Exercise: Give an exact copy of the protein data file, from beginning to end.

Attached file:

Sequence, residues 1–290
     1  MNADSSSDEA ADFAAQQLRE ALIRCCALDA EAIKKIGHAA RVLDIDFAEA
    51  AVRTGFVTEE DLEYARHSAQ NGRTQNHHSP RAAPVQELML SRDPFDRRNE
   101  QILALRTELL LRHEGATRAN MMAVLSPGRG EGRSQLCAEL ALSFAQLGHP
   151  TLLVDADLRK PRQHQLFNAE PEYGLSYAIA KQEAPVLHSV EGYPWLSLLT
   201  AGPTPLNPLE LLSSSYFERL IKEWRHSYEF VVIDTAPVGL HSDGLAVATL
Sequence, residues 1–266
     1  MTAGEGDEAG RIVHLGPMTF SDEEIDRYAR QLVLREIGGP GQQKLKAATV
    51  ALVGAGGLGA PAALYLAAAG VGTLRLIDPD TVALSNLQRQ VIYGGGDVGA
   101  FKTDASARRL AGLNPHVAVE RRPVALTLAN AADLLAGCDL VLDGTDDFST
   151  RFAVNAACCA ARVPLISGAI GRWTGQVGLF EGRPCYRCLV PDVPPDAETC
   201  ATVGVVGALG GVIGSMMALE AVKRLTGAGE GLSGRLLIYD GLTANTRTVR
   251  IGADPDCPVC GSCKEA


Sequence, residues 1–290
     1  MNADSSSDEA ADFAAQQLRE ALIRCCALDA EAIKKIGHAA RVLDIDFAEA
    51  AVRTGFVTEE DLEYARHSAQ NGRTQNHHSP RAAPVQELML SRDPFDRRNE
   101  QILALRTELL LRHEGATRAN MMAVLSPGRG EGRSQLCAEL ALSFAQLGHP
   151  TLLVDADLRK PRQHQLFNAE PEYGLSYAIA KQEAPVLHSV EGYPWLSLLT
   201  AGPTPLNPLE LLSSSYFERL IKEWRHSYEF VVIDTAPVGL HSDGLAVATL
Sequence, residues 1–266
     1  MTAGEGDEAG RIVHLGPMTF SDEEIDRYAR QLVLREIGGP GQQKLKAATV
    51  ALVGAGGLGA PAALYLAAAG VGTLRLIDPD TVALSNLQRQ VIYGGGDVGA
   101  FKTDASARRL AGLNPHVAVE RRPVALTLAN AADLLAGCDL VLDGTDDFST
   151  RFAVNAACCA ARVPLISGAI GRWTGQVGLF EGRPCYRCLV PDVPPDAETC
   201  ATVGVVGALG GVIGSMMALE AVKRLTGAGE GLSGRLLIYD GLTANTRTVR
   251  IGADPDCPVC GSCKEA